I'd say the usual reasons aren't self-aggrandizing, but instead simply trying to come up with some justification for humans to be common when it's obvious from the game stats that all the non-humans are simply better than humans. In those too-many games, the non-humans are stronger, smarter, more dexterous, tougher, more magical, can see in the dark, longer-lived, etc. -- sometimes several of those at once. It's hard to explain how humans manage to overcome their intrinsic inferiority. Sheer numbers (usually from more rapid breeding) is a common such justification.

If you don't want a lot of humans around, much less important empires of them, then your job just got easier. You can just rely on humans' natural inferiority, and stick a few in the ghettos of the elven and dwarven and orcish empires.
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Old 09-16-2018, 06:51 PM   #3
SilvercatMoonpaw
 
Join Date: Jun 2017
Default Re: [Creative] Trying to build a fantasy setting.

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Originally Posted by Anaraxes View Post
I'd say the usual reasons aren't self-aggrandizing, but instead simply trying to come up with some justification for humans to be common when it's obvious from the game stats that all the non-humans are simply better than humans.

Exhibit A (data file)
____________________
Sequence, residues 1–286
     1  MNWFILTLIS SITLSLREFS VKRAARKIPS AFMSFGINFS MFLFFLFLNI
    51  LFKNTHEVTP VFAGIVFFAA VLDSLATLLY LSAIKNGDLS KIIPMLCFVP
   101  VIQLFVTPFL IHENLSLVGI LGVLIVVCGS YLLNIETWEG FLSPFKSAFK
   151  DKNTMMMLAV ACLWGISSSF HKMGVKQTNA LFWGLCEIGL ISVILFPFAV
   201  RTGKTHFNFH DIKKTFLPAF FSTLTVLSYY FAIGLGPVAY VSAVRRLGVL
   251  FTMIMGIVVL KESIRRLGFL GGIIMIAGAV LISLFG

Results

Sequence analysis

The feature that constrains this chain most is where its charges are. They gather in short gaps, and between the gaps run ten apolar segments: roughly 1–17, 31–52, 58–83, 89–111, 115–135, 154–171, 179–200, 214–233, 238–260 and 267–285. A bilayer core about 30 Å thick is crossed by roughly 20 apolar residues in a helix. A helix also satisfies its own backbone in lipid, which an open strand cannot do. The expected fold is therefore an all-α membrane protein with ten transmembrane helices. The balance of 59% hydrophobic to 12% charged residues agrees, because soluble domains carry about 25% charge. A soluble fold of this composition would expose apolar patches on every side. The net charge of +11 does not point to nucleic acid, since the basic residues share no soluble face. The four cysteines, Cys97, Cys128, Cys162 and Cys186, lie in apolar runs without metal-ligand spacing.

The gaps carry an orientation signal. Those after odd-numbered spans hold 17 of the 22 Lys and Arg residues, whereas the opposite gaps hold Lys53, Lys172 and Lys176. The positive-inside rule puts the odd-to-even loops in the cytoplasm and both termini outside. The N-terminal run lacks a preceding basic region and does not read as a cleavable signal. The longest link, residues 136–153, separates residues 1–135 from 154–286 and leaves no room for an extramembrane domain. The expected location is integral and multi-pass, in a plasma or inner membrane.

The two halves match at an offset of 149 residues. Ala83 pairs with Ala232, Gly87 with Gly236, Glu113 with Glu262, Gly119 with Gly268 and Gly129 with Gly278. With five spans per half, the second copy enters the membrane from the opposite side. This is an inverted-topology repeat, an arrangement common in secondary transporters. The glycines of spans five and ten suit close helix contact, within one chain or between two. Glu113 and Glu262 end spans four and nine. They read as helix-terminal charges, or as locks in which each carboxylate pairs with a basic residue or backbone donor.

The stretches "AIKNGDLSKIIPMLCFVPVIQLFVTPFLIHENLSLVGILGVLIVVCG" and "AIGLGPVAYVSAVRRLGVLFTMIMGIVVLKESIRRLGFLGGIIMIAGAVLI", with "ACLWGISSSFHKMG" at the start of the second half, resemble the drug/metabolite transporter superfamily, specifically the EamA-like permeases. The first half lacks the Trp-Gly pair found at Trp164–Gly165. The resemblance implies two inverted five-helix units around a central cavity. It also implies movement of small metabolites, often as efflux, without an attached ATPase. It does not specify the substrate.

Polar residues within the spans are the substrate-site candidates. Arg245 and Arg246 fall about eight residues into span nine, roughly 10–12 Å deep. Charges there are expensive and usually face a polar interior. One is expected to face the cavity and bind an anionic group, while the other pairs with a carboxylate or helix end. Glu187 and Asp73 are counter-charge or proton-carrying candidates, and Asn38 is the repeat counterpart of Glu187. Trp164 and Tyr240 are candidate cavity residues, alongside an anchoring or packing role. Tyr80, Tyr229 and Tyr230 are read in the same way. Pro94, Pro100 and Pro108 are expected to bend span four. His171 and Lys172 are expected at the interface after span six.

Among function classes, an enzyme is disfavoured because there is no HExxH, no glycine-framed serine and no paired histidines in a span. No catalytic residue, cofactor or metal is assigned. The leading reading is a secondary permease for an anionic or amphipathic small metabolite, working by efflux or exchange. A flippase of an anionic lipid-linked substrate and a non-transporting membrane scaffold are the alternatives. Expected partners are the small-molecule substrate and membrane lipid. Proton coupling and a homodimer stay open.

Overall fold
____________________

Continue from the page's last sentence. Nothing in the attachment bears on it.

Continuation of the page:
It still seriously bothers me: it's a slippery slope to unfortunately implications I'd rather never be on.
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Originally Posted by Anaraxes View Post
If you don't want a lot of humans around, much less important empires of them, then your job just got easier. You can just rely on humans' natural inferiority, and stick a few in the ghettos of the elven and dwarven and orcish empires.
That reasoning still feels uncomfortable.

I much prefer the idea that the "human" level/niche is simply taken up by a wider variety of races/species that aren't OP but still have some distinctions.

Last edited by SilvercatMoonpaw; 09-16-2018 at 06:55 PM.
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Old 09-16-2018, 06:58 PM   #4
AlexanderHowl
 
Join Date: Feb 2016
Default Re: [Creative] Trying to build a fantasy setting.

One fantasy reason for humans could be a useful universal capability. It could be that all humans possess probability manipulation abilities that balances out when they are going up against other humans but gives them an edge against nonhumans. For example, if every human possesses Ridiculous Luck [60], it would go a long way towards explaining why humans are a factor in a fantasy world.
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Old 09-16-2018, 07:06 PM   #5
SilvercatMoonpaw
 
Join Date: Jun 2017
Default Re: [Creative] Trying to build a fantasy setting.

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Originally Posted by AlexanderHowl View Post
For example, if every human possesses Ridiculous Luck [60], it would go a long way towards explaining why humans are a factor in a fantasy world.